Aslan Abashidze

From Academic Kids

Aslan Abashidze (Georgian: ასლან აბაშიძე) (born July 20, 1938) was the leader of the Ajarian Autonomous Republic in western Georgia from 1991 to May 5, 2004.

Abashidze was born into a renowned Muslim and Georgian (Ajarian) family. His grandfather Memed Abashidze was a famous writer and member of the Parliament of the Democratic Republic of Georgia between 1918-1921, but was shot on Stalin's orders in 1937. His father was sent to the Gulag for ten years but survived. Despite a difficult childhood, during the 1950s Abashidze was able to obtain degrees in history and philosophy at Batumi University and in economics at Tbilisi State University. He worked as a teacher and economist for a period before joining Georgia's regional public service. He was the director of several technical service institutes before being named a regional minister in Batumi, the capital of Ajaria, where he served as Minister of Community Service. He was later appointed the national First Deputy Minister of Community Service and moved to Tblisi. This was, however, a relatively minor government post.

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Abashidze and independent Georgia

When Georgia regained its independence in 1991, Abashidze secured his appointment as Chairman of the Supreme Council of the Autonomous Republic of Ajaria. He was also appointed Deputy Chairman of the Parliament of Georgia, a post that he retained in 1990-1992 and 1992-1995. He built an independent power base in Ajaria by steering a course between the Tblisi government and the opposition. He established his own army as a counterweight to the armed factions that supported and opposed President Zviad Gamsakhurdia. When civil war broke out between pro- and anti-Gamsakhurdia forces in the winter of 1991-92 and again in the autumn of 1993, he kept both sides out of Ajaria, ensuring that the fighting did not spread to the republic.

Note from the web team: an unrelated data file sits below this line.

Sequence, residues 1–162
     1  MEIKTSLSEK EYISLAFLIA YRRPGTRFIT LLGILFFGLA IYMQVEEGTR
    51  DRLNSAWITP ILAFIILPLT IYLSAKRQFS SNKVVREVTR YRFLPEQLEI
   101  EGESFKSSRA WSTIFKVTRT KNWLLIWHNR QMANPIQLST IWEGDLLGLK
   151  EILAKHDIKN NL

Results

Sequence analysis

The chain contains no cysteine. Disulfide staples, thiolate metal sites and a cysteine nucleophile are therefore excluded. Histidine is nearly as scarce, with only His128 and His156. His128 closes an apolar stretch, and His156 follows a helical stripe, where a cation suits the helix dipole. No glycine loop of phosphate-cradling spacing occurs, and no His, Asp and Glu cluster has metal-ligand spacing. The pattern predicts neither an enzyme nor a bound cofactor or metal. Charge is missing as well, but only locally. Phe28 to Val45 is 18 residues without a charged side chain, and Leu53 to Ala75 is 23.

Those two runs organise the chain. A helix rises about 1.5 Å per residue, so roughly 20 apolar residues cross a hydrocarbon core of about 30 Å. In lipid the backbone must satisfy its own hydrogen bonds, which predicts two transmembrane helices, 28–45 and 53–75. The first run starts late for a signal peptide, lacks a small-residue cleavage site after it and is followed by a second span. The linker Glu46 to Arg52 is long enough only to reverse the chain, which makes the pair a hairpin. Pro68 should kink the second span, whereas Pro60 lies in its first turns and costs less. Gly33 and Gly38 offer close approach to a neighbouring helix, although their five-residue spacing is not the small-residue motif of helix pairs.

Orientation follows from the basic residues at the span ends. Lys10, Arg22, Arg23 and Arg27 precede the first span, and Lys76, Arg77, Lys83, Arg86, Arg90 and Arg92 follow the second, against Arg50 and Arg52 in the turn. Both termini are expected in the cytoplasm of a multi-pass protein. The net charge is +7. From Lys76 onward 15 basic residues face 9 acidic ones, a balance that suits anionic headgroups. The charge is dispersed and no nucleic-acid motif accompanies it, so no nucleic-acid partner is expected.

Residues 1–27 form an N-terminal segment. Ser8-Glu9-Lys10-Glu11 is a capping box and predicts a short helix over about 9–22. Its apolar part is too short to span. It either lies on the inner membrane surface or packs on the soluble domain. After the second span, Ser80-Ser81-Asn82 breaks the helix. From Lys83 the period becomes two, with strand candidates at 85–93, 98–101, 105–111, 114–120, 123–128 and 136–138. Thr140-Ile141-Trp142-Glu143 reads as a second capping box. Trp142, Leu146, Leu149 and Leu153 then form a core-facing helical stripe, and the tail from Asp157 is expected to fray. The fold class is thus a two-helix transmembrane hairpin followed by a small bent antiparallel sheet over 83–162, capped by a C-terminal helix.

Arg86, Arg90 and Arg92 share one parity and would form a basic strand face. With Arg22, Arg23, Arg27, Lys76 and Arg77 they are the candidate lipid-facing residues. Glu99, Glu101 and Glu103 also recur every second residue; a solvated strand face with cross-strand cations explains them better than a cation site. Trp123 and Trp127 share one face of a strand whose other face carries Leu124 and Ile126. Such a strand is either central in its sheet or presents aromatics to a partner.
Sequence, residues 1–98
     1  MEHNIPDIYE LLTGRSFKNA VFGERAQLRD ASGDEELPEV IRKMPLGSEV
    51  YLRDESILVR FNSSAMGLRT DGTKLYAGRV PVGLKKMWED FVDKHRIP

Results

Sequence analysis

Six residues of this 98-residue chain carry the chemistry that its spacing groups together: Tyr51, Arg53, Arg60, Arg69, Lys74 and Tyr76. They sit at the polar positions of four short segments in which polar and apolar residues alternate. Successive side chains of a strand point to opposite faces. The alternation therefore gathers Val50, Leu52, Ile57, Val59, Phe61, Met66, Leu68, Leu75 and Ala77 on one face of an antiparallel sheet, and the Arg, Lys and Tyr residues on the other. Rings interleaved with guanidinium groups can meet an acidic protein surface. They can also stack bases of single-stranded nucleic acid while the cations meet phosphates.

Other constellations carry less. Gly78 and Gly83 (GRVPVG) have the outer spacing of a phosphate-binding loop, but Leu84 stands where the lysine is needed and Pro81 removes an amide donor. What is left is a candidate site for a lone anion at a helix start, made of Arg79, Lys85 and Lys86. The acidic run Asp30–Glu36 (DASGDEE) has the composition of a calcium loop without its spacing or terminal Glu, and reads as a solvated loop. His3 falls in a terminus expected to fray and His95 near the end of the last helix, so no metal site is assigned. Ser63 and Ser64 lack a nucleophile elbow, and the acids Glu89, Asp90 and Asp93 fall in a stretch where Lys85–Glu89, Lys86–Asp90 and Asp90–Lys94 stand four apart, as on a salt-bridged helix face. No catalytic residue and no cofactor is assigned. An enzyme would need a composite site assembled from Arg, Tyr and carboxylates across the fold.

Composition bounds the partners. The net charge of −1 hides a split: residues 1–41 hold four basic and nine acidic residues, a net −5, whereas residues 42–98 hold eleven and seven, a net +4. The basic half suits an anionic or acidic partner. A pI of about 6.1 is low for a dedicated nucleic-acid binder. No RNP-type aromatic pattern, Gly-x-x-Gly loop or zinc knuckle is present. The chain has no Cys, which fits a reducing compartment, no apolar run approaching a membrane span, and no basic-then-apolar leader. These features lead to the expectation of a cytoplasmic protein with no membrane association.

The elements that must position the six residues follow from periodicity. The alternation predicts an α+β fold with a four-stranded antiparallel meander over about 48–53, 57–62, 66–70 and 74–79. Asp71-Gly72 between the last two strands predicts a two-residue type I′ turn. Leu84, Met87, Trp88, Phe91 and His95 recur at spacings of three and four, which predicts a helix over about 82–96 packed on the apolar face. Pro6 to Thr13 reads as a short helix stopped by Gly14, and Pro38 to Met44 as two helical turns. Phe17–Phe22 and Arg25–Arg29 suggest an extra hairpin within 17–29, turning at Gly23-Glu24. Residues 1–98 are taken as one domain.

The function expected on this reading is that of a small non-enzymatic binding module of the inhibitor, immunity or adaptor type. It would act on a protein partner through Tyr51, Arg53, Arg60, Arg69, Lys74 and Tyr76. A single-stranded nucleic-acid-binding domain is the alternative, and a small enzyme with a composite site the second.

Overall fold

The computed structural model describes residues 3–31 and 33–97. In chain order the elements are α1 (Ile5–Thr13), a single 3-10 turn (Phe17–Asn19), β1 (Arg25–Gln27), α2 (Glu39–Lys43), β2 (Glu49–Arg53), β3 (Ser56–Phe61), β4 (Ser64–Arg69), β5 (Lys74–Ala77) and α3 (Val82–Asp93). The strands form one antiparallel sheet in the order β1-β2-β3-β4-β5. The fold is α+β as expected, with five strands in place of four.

However, unlike the rulers of Abkhazia and South Ossetia, he did not attempt to seek independence for Ajaria and pursued what can best be described as a policy of "armed autonomy" after the fall of Gamsakhurdia. He effectively turned Ajaria into a "free economic zone" with few restrictions on trade (and, reportedly, smuggling) but with the customs duties and revenues going to his government rather than Tblisi. His economic policies have been quite successful and have made Ajaria one of the wealthier parts of Georgia.

Abashidze has attracted some criticism for heavy-handed rule, which has often been described as feudal, but he appears to be genuinely popular among Ajarians. He established his own political party in 1992, known variously as the Union of Democratic Revival or the Union for Georgia's Rebirth. In 1998, he was elected President of Ajaria with 93% of the vote in what Russian observers regarded as a generally free and fair election (although this verdict may have been influenced by Abashidze's consistently pro-Russian policies).